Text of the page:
An Irish bailout might not be the final answer
A man leaves the Bank of Ireland in Dublin. Ireland admitted Monday it is in contact with 'international colleagues' over its debt crisis but denied seeking a bailout.
TEXT OF INTERVIEW
STEVE CHIOTAKIS: Irish banks lost billions of dollars in the real estate bust and global crisis. The country is awash in debt and the Irish government now says it needs help to keep its financial system solvent.
Marketplace's Stephen Beard is with us live from London with the latest. Hi Stephen.
STEPHEN BEARD: Hello Steve.
CHIOTAKIS: What are the Irish asking for?
BEARD: A package of loans from the European Union and the IMF worth well over $100 billion. As you were suggesting the aim of this is to prevent the country's heavily indebted banks from collapsing. We don't know the exact amount or the terms of this package, because they actually haven't been agreed -- all of them yet. They rushed this announcement out last night because they were worried that there would be mayhem in the markets this morning without any agreement at all. That's how sensitive this issue's become.
CHIOTAKIS: You know, Stephen, Ireland isn't even as big in economy as Greece. How did this become such a big story?
BEARD: It's all about confidence and connectedness. The 16 countries that use the Euro are intimately linked. A big loss of confidence in one of them can quickly spread to some of the others, especially if they've got similar problems like Portugal and Spain. And turmoil in four or five Euro countries could rock the whole single currency, which let's not forget is a major world currency now. If the Euro unraveled, it could knock confidence in the whole global recovery.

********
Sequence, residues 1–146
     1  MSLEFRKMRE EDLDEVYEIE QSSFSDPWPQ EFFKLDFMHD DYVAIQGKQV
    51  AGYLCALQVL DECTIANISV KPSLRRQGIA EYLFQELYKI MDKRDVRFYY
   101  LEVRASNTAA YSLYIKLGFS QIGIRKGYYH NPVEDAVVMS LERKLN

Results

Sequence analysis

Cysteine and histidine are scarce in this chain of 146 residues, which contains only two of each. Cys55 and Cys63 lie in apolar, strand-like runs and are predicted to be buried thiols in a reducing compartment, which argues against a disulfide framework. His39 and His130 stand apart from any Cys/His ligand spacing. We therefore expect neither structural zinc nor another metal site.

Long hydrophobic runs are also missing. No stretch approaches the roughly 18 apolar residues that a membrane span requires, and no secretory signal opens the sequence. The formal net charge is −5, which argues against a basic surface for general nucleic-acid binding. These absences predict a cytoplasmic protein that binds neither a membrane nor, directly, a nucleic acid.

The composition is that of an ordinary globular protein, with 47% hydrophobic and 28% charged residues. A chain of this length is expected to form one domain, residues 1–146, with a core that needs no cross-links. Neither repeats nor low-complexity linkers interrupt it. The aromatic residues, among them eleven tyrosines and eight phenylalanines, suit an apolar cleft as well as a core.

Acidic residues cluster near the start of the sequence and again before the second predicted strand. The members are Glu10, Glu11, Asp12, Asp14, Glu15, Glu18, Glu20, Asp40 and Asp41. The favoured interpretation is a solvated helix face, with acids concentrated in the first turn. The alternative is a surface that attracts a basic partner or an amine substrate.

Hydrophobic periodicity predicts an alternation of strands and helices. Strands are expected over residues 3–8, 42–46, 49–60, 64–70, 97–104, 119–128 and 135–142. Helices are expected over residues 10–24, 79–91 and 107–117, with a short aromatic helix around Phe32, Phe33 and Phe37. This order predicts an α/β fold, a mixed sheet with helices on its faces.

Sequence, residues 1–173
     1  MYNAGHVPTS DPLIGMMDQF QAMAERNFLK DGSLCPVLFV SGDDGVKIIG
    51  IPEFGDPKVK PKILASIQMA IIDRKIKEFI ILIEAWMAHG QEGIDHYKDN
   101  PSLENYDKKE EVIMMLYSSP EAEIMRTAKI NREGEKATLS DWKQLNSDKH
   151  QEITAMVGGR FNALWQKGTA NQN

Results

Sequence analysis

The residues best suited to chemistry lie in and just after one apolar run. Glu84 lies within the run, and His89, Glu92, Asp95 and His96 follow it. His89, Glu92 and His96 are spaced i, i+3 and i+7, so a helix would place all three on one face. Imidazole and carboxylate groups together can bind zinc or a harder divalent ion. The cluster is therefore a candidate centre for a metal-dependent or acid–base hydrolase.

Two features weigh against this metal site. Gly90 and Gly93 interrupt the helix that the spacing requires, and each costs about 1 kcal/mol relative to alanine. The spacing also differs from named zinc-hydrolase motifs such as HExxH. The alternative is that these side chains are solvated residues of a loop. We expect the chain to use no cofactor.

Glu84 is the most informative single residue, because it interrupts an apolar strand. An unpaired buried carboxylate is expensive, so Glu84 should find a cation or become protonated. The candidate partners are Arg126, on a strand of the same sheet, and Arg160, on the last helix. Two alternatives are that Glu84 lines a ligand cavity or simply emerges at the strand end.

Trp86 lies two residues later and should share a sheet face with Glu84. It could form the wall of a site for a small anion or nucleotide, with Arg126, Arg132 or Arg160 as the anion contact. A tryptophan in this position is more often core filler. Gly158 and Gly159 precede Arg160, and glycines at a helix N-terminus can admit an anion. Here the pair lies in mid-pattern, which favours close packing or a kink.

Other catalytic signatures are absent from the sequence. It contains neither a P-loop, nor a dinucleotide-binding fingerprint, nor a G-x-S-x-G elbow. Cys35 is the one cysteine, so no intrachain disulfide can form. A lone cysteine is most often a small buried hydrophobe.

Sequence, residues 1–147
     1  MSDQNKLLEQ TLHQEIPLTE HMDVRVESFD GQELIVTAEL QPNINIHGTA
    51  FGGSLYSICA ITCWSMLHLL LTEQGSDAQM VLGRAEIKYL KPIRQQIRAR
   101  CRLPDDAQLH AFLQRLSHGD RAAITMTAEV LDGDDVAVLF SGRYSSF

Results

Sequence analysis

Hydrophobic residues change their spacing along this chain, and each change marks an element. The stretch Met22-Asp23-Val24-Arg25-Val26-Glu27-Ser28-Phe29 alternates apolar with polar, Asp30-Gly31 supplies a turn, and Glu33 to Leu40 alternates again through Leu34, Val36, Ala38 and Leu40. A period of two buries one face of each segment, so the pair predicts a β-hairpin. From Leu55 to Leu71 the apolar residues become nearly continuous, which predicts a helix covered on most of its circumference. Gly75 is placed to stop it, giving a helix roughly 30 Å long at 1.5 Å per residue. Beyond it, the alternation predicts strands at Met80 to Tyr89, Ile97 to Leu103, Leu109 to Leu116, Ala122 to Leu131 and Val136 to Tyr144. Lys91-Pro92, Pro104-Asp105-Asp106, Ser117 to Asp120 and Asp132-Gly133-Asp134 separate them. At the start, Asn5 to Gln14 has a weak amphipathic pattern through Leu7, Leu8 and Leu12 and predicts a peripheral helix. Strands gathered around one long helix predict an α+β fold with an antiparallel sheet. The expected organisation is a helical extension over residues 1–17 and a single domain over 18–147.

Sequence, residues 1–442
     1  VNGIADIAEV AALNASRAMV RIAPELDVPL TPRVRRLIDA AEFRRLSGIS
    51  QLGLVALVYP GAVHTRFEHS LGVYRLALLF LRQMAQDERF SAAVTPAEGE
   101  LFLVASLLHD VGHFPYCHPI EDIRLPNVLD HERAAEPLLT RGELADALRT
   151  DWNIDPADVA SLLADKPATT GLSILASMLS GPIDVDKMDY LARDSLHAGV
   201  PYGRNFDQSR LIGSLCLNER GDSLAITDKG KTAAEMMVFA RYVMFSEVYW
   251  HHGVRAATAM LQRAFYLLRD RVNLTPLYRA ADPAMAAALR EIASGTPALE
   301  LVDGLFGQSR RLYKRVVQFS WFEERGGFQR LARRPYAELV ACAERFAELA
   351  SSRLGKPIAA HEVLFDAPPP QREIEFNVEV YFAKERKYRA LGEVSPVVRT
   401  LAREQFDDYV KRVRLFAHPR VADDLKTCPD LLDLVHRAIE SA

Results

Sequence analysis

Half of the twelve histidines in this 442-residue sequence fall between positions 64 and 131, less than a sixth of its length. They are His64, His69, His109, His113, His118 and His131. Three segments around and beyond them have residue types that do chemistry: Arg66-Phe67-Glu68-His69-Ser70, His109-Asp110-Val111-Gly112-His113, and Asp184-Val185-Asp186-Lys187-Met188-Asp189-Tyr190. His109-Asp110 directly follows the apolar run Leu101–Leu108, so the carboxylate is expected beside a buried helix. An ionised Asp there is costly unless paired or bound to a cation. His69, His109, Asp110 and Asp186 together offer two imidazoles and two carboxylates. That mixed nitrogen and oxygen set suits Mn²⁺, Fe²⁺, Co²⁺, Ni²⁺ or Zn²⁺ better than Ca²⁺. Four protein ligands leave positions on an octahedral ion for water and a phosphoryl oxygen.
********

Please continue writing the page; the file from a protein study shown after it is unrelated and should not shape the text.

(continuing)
CHIOTAKIS: And has news, Stephen, of the bailout calmed any jittery nerves?
BEARD: To some extent, but it has to be in doubt that this has stopped the rot. Here a man who watches the county markets buy the minute, Steve Barrow of Standard Bank.
STEVE BARROW: I think if you look for an example back in the experience of Greece earlier this year. It achieved the bailout -- a very big bailout. People thought perhaps that was the end of it. And it wasn't.
All eye he says are now on the next potential target -- Portugal.
CHIOTAKIS: Alright, Stephen thank you.
BEARD: OK Steve.
CHIOTAKIS: Marketplace's Stephen Beard in London.